Special courts, speedy trials

Prime Minister has formulated a committee to implement much awaited, ‘National Action Plan’ to deal with the monster of terrorism. NAP is the output of more or less all of the political parties.

During the sittings of all parties conferences, politicians endorsed the idea of setting up special courts to be headed by the military officials. Most of the parties were agreed with the idea without any hesitation or disapproval, whilst others took their time to show their approval. Although some apprehensions were expressed about the possible misuse of the special courts under military, against political workers, but assurances were provided that the law would not be used to settle personal vendetta.

Some voices were raised to put constraints of time frame on the special courts, which was not given much emphasis because everyone knew that military courts would come with a time frame. Leaders of various political parties whilst talking to media have expressed importance of speedy justice to deal with special cases. It is indeed the time of urgency. Had the Parliamentarians removed the flaws in the dispensation of justice, there would have been no point of setting up military courts in the first place. It is not a positive sign in the long run. In democracy , government must not neglect the job of empowering judges for the freedom of judiciary instead our politicians must be asking themselves whether they have fulfilled their responsibility .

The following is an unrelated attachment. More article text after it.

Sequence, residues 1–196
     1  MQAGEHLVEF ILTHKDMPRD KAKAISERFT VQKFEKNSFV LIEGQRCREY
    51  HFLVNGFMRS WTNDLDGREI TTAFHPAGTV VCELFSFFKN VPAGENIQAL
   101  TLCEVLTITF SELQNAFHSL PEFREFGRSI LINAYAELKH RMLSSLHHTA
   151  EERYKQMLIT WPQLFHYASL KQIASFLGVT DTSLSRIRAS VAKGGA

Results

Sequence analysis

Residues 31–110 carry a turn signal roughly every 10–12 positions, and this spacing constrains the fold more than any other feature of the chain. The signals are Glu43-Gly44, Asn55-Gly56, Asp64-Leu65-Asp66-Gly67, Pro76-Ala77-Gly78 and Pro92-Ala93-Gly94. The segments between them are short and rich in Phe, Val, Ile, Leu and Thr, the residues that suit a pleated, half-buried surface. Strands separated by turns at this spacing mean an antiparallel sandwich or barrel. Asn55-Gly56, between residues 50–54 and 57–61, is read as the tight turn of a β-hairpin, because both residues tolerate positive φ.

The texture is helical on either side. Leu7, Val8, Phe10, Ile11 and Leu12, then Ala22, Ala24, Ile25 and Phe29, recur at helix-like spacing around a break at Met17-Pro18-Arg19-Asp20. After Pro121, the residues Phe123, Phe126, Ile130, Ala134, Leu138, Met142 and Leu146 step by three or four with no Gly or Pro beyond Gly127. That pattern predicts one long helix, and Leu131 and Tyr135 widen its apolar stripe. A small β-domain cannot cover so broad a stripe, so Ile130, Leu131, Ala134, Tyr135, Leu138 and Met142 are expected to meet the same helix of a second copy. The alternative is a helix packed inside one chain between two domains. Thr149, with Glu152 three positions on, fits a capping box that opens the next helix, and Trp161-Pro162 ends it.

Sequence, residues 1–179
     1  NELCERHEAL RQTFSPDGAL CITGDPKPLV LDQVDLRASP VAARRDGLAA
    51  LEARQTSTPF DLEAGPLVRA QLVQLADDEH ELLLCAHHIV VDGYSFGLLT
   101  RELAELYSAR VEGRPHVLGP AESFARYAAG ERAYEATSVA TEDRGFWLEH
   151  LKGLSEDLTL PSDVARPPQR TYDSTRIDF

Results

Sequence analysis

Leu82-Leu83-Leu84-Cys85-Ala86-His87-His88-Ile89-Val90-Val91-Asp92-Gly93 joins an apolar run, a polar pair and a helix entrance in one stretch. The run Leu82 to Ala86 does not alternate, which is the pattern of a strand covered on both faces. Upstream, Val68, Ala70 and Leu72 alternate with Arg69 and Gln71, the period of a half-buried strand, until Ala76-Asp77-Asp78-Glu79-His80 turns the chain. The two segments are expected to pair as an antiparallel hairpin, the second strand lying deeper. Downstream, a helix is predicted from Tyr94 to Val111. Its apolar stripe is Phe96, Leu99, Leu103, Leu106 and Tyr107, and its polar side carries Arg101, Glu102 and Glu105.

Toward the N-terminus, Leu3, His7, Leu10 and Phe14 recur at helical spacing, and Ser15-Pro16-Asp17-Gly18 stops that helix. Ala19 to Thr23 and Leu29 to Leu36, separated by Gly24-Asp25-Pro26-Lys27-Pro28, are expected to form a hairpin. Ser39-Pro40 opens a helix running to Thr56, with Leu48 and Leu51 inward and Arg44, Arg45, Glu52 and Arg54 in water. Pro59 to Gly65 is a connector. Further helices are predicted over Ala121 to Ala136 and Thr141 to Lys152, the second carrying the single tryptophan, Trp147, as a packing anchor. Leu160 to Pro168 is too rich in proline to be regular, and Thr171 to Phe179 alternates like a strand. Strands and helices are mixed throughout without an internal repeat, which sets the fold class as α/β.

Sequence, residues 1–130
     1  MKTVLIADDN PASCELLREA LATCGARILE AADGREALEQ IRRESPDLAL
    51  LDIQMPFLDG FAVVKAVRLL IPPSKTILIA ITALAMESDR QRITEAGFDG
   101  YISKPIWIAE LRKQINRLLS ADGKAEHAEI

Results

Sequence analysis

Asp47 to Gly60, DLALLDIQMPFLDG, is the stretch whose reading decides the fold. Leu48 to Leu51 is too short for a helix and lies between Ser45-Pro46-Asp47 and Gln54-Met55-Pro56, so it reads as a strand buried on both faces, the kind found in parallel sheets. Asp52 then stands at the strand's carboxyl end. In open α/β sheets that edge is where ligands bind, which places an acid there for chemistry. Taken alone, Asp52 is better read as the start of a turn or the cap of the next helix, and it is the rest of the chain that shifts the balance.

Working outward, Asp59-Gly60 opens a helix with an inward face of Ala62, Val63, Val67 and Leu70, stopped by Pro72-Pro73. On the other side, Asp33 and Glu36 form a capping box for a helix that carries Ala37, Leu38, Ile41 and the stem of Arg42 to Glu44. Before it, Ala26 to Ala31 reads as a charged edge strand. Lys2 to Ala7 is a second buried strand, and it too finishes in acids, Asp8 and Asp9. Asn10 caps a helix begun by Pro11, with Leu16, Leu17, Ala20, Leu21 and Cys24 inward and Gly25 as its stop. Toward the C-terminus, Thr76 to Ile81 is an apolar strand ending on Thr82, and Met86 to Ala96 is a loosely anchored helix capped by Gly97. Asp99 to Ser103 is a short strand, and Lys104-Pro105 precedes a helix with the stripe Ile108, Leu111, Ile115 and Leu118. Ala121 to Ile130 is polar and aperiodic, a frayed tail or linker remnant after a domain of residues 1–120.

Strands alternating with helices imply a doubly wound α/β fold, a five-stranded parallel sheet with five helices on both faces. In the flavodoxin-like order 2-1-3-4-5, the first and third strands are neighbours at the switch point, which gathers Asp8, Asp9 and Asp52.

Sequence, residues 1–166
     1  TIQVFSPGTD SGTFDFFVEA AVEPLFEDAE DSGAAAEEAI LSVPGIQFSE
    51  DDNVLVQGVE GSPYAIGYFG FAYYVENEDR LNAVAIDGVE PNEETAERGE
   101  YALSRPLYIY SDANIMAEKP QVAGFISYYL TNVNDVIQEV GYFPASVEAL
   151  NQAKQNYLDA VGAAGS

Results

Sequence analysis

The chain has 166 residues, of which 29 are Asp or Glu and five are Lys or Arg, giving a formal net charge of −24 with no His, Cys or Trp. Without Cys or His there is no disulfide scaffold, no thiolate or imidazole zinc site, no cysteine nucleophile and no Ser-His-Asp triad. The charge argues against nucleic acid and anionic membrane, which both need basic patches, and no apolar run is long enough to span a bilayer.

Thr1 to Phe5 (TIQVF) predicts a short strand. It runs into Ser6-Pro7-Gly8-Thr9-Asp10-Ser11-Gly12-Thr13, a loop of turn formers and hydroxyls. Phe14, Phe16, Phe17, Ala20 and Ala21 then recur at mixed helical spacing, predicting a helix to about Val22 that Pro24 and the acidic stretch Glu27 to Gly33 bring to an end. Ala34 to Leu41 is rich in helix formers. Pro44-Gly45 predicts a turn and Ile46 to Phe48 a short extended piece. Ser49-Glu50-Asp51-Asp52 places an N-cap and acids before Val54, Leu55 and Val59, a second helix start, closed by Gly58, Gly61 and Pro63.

Few elements are raising voices against the law but considering the current scenario, any argument against special courts is hard to digest. If the normal judiciary system is not up to mark, what alternatives are left? It is generally believed that failure of civilian government to deliver is the main reason behind the formation of such courts.

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